UBC Theses and Dissertations
Deformation and fracture behaviour of a low-carbon dual-phase steel Mazinani, Mohammad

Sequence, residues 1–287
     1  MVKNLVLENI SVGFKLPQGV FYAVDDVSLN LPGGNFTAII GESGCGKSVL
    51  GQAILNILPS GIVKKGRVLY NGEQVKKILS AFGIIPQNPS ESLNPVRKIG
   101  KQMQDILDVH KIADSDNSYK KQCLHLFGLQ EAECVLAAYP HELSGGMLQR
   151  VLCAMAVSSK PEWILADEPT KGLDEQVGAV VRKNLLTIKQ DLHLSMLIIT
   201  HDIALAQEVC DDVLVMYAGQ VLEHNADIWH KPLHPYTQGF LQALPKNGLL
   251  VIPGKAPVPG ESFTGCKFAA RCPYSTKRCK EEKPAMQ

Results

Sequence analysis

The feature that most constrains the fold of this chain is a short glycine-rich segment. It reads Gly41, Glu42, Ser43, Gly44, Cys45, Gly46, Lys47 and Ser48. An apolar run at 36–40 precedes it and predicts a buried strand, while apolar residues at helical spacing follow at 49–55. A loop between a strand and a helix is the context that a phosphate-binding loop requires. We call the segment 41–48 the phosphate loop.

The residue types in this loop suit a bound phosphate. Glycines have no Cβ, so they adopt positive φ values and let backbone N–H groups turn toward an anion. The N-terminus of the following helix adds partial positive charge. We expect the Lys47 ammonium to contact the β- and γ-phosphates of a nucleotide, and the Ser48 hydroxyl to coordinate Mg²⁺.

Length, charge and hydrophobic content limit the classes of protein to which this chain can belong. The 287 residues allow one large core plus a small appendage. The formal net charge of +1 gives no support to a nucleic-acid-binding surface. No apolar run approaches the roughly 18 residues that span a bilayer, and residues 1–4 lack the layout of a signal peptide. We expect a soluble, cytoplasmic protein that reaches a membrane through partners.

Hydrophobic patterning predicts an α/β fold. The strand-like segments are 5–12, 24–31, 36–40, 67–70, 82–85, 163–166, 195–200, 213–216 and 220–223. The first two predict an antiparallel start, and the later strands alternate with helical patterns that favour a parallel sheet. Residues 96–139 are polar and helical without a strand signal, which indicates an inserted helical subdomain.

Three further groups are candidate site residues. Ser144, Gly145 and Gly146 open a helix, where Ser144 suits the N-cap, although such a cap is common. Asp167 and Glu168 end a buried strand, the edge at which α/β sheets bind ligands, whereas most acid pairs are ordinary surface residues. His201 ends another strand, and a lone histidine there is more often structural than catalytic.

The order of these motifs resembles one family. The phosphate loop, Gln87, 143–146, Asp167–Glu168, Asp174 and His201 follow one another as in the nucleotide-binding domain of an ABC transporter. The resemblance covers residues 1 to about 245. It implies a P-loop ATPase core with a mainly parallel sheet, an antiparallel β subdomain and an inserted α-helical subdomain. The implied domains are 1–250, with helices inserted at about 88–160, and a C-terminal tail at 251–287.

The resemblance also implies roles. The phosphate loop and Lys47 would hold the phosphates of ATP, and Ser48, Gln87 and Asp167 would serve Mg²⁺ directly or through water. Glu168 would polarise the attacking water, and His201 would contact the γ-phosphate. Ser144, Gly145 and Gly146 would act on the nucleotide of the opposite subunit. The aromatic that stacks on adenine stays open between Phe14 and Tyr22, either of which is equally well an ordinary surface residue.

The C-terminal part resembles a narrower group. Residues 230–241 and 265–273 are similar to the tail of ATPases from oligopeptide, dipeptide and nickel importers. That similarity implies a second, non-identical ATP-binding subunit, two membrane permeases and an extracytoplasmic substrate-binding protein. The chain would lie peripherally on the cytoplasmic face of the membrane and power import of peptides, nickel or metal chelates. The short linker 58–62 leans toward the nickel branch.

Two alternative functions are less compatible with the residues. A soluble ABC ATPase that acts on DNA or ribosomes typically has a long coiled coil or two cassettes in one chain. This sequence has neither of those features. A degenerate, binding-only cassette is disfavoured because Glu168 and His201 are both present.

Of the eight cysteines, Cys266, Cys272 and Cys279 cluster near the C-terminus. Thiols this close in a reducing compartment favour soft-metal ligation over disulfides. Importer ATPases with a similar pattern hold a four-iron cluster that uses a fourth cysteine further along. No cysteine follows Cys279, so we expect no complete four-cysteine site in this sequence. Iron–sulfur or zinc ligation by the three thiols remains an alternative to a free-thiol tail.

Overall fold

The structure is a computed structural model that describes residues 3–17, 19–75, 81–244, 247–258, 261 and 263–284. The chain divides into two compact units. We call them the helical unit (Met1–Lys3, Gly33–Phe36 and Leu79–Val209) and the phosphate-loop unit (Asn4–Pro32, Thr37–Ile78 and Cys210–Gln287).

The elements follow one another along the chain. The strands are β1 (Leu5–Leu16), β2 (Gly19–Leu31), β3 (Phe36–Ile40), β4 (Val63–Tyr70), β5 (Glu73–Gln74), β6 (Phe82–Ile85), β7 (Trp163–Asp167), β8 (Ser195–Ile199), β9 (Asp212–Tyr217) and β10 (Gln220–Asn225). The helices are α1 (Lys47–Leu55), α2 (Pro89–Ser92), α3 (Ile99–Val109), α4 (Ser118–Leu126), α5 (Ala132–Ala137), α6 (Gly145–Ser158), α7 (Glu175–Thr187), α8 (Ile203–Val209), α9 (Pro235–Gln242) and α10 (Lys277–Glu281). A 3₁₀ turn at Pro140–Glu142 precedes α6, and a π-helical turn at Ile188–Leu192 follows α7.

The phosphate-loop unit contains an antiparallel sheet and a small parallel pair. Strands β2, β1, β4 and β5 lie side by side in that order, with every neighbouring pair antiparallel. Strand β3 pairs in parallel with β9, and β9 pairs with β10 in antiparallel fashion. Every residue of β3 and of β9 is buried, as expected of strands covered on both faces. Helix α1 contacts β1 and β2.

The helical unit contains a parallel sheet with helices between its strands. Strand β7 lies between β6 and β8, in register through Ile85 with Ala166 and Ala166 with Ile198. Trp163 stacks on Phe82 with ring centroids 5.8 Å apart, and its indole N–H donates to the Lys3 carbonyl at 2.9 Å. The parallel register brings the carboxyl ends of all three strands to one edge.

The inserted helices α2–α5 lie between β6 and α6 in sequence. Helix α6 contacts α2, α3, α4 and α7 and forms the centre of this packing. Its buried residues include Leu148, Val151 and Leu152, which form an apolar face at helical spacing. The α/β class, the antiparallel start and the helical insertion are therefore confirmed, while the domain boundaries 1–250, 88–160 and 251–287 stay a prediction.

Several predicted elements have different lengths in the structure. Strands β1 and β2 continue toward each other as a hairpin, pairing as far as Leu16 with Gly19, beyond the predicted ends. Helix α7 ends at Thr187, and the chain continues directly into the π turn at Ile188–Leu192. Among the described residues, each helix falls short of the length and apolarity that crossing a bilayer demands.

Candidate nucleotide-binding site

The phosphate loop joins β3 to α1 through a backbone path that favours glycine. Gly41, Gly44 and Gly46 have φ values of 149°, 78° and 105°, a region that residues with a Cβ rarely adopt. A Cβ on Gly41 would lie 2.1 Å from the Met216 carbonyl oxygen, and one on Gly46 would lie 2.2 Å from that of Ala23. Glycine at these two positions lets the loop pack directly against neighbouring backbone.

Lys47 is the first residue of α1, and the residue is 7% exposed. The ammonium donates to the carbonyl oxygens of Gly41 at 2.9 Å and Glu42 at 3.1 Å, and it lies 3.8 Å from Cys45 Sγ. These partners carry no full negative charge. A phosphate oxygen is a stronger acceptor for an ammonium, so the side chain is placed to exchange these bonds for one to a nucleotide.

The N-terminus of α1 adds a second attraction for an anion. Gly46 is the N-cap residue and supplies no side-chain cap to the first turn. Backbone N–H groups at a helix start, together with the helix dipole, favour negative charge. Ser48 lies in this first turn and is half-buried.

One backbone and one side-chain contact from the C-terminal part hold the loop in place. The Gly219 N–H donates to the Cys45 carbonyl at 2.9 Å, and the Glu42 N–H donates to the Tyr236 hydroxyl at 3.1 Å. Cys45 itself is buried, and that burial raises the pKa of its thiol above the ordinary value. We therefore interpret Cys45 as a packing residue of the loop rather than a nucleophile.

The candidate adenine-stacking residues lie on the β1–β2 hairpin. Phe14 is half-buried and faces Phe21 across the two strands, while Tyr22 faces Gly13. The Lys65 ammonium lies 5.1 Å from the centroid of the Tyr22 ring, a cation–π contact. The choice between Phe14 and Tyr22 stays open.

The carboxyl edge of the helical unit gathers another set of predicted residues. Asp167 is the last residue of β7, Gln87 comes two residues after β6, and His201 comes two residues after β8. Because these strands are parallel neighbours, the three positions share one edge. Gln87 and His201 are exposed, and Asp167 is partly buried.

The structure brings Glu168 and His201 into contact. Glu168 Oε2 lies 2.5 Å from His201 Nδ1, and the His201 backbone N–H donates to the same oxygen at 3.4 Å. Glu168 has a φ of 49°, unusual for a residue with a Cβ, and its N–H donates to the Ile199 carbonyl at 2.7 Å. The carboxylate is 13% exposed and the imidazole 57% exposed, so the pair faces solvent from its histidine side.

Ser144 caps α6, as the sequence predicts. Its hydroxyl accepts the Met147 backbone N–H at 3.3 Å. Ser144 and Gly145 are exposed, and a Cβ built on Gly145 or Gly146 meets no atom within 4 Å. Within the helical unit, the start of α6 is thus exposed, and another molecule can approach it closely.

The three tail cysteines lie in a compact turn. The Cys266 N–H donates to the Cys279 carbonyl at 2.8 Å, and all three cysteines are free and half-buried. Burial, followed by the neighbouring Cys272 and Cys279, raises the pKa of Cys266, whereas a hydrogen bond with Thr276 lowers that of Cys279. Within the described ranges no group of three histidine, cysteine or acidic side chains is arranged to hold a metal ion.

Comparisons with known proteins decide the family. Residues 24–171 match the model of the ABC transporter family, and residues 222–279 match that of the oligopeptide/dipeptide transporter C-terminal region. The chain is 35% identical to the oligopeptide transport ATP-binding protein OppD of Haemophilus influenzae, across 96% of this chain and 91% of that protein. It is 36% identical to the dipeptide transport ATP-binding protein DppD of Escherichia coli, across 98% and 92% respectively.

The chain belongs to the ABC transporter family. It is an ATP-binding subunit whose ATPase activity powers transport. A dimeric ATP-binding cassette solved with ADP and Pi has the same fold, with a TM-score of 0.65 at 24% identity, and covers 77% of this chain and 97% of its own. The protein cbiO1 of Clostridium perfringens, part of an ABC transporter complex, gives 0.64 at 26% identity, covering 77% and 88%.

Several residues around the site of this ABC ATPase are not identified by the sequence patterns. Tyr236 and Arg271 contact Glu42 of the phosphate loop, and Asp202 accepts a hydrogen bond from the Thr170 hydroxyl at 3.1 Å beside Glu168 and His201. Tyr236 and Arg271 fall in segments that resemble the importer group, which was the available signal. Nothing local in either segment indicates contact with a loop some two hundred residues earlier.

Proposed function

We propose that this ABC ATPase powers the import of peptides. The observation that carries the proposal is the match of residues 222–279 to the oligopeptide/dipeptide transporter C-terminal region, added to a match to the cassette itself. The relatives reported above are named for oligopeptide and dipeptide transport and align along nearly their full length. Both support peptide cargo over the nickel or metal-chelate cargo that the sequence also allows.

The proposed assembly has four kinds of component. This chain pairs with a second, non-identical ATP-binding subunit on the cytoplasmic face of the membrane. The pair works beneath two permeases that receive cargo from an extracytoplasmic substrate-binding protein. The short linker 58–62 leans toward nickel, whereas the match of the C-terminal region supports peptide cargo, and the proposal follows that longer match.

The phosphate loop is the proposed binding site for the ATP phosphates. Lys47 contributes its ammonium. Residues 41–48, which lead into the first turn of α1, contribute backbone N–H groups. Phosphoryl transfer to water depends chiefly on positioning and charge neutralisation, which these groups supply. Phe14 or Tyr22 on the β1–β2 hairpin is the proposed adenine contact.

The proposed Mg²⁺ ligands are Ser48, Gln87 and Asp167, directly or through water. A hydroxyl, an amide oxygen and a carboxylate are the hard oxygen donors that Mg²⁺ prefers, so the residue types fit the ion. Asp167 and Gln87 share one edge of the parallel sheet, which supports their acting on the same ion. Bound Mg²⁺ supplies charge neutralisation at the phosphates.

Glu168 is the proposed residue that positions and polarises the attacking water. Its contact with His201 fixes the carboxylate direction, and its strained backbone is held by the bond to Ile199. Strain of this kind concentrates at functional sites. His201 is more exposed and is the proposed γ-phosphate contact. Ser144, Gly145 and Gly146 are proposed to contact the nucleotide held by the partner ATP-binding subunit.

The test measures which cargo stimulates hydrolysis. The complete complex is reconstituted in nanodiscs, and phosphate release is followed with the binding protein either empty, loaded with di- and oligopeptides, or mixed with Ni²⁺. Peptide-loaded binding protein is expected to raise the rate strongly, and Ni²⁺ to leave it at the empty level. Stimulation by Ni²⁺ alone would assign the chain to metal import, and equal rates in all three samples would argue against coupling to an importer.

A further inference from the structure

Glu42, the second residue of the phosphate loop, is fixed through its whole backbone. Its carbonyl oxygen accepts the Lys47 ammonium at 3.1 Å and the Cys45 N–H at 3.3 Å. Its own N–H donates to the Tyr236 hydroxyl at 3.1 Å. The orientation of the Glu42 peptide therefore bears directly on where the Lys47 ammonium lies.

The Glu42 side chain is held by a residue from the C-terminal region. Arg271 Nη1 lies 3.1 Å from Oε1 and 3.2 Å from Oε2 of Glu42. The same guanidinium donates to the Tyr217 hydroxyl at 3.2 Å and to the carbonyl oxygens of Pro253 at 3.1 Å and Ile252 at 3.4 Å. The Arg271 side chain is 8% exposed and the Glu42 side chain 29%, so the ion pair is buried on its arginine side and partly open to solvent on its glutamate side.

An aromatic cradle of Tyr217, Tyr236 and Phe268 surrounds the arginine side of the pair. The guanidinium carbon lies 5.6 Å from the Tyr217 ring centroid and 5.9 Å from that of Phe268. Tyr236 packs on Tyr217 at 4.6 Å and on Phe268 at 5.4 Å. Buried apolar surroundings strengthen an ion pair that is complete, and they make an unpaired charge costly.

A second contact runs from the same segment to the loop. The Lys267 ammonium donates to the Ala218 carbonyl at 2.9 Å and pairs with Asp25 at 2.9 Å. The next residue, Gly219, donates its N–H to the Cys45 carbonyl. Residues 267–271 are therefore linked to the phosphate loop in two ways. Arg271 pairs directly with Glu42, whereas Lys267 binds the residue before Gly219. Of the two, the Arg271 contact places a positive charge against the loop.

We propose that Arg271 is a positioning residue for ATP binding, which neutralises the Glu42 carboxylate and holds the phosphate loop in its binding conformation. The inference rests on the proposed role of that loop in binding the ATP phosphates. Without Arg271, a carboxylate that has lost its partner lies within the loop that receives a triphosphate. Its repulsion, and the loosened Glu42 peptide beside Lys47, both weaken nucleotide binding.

The primary goal of this study was to evaluate the effect of martensite plasticity on the deformation and fracture behaviour of an intercritically annealed commercial low carbon (0.06 wt.%) dual phase steel. The volume fraction and the morphology (banded and almost equiaxed) of the martensite phase were systematically varied by control of the intercritical annealing temperature and the heating rate to this temperature. It was observed that the yield and tensile strengths were dependent on the martensite content but not on the martensite morphology. On the other hand, the true uniform strain, fracture strain and fracture stress were found to have a significant dependence on martensite morphology. An Eshelby based model, which allowed for the calculation of the stress in the martensite islands, was employed in order to rationalize the tensile properties of the dual-phase steel samples with different martensite contents and morphologies. In addition, by comparing the calculated stress in the martensite with an estimate of yield stress, it was possible to examine the conditions under which martensite plasticity occurs. The work hardening behaviour and the fracture properties of the steel samples were rationalized by the implications of martensite plasticity. For the cases where martensite showed significant plasticity (or co-deformed with the ferrite matrix), the void nucleation rate during post-necking deformation decreased considerably and hence, the final fracture properties were dramatically improved. The deformation of martensite in different dual-phase steel samples was examined both qualitatively (using optical micrographs of the undeformed and deformed sections of fractured tensile samples) and quantitatively (through image analysis of the microstructures before and after tensile deformation). The tensile stress-strain responses of different dual-phase steel samples were modeled using the modified Eshelby method. This approach was found appropriate for modelling the stress-strain behaviour of the steels with equiaxed morphology and martensite contents below approximately 30%. In the case of banded morphology, the stress-strain behaviour of the steel sample with 17% martensite was successfully predicted by the model. However, the model overestimated the flow stress of the steel with 30% martensite. For the martensite contents greater than 30%, the overestimation of the flow stress of the steel samples with banded morphology was greater than that for the equiaxed samples. Finally, the void formation process during tensile deformation was examined quantitatively through image analysis of the fracture surface of the steels. The experimental results showed very little void growth during ductile fracture of the steel samples with 17% and 41% martensite. Modelling the void formation process in these steels assuming no void growth stage resulted in the same observation. This confirmed the quantitative observation that void nucleation is the dominant effect during ductile fracture of these steels.
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